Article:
Noisy rows 'a mark of US democracy': ambassador
THE arguments that stir passions during a US presidential election are a mark of the country's "liberty", Ambassador Kevin O'Malley said last night.
Mr O'Malley told the US Embassy's 2016 Election Party at the Guinness Storehouse that democracy in the USA can be "complicated".
The packed party to mark the end of a marathon campaign saw stars and stripes, life-size balloon statues of Donald Trump and a giant Statue of Liberty ice luge.
Garda Commisssioner Nóirín O'Sullivan and TD Michael Healy Rae were among the guests.
As punters sank pints and watched US election coverage on giant TV screens, the volume in the room increased.
Taking to the stage, Ambassador O'Malley welcomed guests.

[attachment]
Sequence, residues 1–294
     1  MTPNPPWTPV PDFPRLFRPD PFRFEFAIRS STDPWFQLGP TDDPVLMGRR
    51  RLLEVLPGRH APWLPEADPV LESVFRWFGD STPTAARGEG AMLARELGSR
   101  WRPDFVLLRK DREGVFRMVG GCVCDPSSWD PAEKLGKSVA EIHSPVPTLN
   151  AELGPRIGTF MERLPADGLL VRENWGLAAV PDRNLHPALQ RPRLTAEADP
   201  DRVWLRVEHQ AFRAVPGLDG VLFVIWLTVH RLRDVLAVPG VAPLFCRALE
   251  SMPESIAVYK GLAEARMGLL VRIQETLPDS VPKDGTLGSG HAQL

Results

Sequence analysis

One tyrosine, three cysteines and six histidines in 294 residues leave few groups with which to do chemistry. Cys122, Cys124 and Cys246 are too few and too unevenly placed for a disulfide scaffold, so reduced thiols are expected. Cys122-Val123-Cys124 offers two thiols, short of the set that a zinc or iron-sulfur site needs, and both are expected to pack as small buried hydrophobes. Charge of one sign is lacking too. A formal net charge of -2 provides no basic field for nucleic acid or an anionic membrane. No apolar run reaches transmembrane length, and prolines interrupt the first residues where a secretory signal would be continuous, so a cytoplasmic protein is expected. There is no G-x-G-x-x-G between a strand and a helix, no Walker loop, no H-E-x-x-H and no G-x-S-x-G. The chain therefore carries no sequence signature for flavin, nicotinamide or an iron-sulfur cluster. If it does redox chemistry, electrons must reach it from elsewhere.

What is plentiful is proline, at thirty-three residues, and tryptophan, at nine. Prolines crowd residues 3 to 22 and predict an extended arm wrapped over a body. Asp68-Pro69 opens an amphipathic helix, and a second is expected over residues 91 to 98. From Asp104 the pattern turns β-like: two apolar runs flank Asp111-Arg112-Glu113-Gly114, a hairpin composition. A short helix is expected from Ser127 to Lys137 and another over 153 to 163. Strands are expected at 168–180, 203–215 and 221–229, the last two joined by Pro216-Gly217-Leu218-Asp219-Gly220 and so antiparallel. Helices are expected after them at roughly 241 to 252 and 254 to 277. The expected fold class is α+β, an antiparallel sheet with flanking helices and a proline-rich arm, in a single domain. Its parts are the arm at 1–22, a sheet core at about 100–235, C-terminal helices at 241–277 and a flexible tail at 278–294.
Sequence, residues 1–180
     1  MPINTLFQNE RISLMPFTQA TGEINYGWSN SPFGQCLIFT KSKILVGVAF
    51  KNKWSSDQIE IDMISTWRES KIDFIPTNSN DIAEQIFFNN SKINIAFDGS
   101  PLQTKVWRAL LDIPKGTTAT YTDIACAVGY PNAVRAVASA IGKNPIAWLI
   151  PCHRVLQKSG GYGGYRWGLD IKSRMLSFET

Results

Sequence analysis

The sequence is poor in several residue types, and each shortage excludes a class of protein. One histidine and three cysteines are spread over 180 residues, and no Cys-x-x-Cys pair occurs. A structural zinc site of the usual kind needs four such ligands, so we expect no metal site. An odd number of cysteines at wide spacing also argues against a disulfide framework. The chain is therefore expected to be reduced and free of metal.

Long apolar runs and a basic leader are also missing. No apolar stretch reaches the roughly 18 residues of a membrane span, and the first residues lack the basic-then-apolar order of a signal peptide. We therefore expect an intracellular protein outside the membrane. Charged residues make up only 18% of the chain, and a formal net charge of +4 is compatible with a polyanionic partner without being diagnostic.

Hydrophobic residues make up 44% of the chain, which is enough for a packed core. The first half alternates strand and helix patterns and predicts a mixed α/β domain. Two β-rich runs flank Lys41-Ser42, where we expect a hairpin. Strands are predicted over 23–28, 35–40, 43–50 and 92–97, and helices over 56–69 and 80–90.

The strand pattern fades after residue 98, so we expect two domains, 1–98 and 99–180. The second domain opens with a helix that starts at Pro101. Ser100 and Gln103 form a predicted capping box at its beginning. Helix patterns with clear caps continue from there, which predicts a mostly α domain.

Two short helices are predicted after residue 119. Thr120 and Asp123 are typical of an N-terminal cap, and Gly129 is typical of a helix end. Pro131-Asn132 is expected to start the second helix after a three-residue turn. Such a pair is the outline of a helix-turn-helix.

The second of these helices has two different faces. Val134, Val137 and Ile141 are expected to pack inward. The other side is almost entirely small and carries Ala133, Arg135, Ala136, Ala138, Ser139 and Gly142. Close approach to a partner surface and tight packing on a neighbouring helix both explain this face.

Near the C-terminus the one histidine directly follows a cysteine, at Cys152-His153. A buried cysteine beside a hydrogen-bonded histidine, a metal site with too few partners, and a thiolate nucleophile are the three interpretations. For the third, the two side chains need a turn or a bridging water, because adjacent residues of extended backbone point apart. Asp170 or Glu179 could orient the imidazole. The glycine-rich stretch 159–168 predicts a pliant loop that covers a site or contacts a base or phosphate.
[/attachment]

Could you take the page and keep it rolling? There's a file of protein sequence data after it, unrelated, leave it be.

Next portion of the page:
"You would think that after so many elections we Americans would be used to this, calm about it. But no," he said.
"Democracy in a nation of over 300 million people can be noisy, robust and often complicated. Each of us have our own opinions and deeply held beliefs.
"When we go through tough times and make big decisions as a country, it inevitably stirs passions.
"That won't change after tonight, and it shouldn't. These arguments we have are a mark of our liberty.
"The United States is a country founded on the principle of a government of the people, by the people, and for the people - in Abraham Lincoln's famous words.
"This democratic process - as exhausting as it can be - is what makes us the United States of America."
Guests were encouraged to vote for their preferred candidate and pose next to balloon versions of them.
The 'Fear and Loathing on the Campaign Trail' was hosted by Dr Patrick Geoghegan and 'Borders, Bridges and Beyond' was another packed out event.